I write this blog entry after completion of the performance. It was not intended to be that way but…..sometimes dancing gets in the way of writing!
There was a break in my choreographic process as I was performing another production, Jwala. And the way it has happened, with every performance of Jwala, I’m working with a different team of artists, completely difference circumstances both in terms of venue qualities and audience types. All of this affects the production and requires the necessary changes for each show. To add, it is a fairly new production – originally created as a 55 minute piece, and now extended to 90 minutes. Anyway, all this is simply to say my attention and focus shifted to Jwala, at point when I was completely in choreographic flow of Sanctuaries.
When I returned to working on the Sanctuaries, jetlagged and with two other shows that I was involved in, I had limited time to finish the piece, and everything that I had created felt……not right! It was frustrating and made me realize that so much of what is created comes out of where you are in that moment of creation. The material that I had created only 3 weeks earlier (!!) felt un-instinctual and forced.
My Scientist character changed completely. All the movement analysis that I had previously worked on was completely scrapped for something more narrative-based, and straight-forward. Maybe it was because of time-constraint, maybe it was because I just wanted to be dancing after days of travelling and doing everything BUT dancing, but choreographing became less thinking, and more just playing the music and improvising the piece at a stretch. In each run, some things would stick and I would find myself repeating them, and in some I would surprise myself at what came out. I didn’t tape myself, I didn’t analyze, (usually parts of my choreographic process), I just danced what felt natural.
Whereas the beginning of the week had seen me dragging my feet and groaning my way to the studio to start choreography, mid-week had me excited and at times even a bit emotional when thinking of the piece.
Then, one by one, each rehearsal had an additional member. Wednesday night, I was joined by Aditya singing (live, as opposed to on a super-rough multi-track garage band), and Kasi on nattuvangam. On Thursday, I had the absolute pleasure of having Rajna on mridangam, which totally added Oomph! And on Friday morning, Shiva rounded us out on violin – which gave the varying layers of emotion and sensitivity, and the music sounded great and felt lovely to dance to. Aditya’s score is completely Carnatic (except for the deshthillana at the end), with characters and dialogues in Thodi, Bhairavi, Sahana, Nattai, Mayamalavagowla, and Abheri. It’s classical and really feels like it lends itself well to the moods and the narrative.
As I stood backstage just before going on and heard the cheers of the audience to the Emcee’s “our Chicago is a sanctuary city,” I realized this is my first “political” piece. In light of the recent DACA repeal, and all that has been happening both in our country and in so many countries of the world, the piece felt so pressing and relevant.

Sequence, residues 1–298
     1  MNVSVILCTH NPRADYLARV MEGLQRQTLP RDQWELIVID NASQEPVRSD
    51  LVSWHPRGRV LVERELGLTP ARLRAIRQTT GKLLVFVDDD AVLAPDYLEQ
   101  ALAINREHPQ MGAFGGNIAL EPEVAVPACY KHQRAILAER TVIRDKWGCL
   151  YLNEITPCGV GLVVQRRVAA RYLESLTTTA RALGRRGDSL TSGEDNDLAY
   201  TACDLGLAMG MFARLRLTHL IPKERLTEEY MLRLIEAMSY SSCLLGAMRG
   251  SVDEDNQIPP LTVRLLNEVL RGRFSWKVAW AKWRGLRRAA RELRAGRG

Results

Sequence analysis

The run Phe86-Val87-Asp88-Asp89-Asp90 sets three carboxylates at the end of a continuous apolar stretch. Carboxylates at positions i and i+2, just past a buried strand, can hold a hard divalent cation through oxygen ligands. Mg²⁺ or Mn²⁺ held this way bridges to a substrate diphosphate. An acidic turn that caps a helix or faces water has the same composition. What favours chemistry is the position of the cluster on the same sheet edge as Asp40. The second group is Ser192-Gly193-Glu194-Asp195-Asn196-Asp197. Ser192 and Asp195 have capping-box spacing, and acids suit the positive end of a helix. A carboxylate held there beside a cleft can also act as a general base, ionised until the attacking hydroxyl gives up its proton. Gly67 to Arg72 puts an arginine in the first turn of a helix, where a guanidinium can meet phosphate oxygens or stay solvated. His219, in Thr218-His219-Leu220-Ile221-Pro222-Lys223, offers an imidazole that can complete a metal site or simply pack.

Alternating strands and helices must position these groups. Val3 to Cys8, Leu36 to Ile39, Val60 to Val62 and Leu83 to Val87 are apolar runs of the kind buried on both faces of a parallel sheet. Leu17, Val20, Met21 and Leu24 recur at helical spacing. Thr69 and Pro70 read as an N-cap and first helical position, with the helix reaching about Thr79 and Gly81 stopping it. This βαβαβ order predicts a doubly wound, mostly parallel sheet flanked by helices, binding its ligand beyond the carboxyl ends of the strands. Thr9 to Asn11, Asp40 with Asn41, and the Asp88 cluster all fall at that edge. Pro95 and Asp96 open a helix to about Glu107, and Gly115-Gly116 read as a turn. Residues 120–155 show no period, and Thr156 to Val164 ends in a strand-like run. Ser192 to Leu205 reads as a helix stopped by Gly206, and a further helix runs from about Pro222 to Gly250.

I couldn’t help but think back to my first semester as an MFA student at UCLA, when our first choreography assignment was a political piece. I had done something on body image, but used post-modern technique more than I did BharataNatyam. I had felt strongly on the topic, but the choreography was unvested and forced.
Here, I stood with a piece that felt meaningful, connected to me and the people around me, and….. “political!”
How much I have learned of the importance of image, metaphor, allegory – and their power as poetic tools of communication!
As we performed the piece that day, the audience sat all around us. It was close to midnight, and the hall was packed. It was a simple-stage, no theatrical lighting design, but a beautiful space, intimate and charged. Sometimes the attention and investment of the audience is palpable, and this was one such performance. As I danced the characters, I felt the emotions they felt, and thought of all that they represent today.
In my choreographic choices, I have always been more drawn to content which is more abstract, philosophical, and spiritual. Dance allows expression of this magical realm of experience. My feeling was – we live the mundane, why dance about it too?
But Gowri Ramnarayan, whom I have worked with closely, always has told me that it is difficult to carry an audience with you if you leap straight into the “intangible.” It’s important to start with the everyday – she always reinforces. I did understand her point, but the impetus to create such work only came after some time. Jwala, was probably the first full length work that was in fact inspired by the worldly – personal events in my life.
After our US election last year, the impact felt on our nation as a whole, felt so perceptible and tremendous that I felt some sort of creative throbbing waiting to find expression. Maybe Sanctuaries was that….
Anyway, none of this is to glorify the piece. What we performed on Friday at the Chicago WMF was literally a first draft, a piece that needs to be chiseled, edited, crafted, and wrung out thoroughly. But it was a start!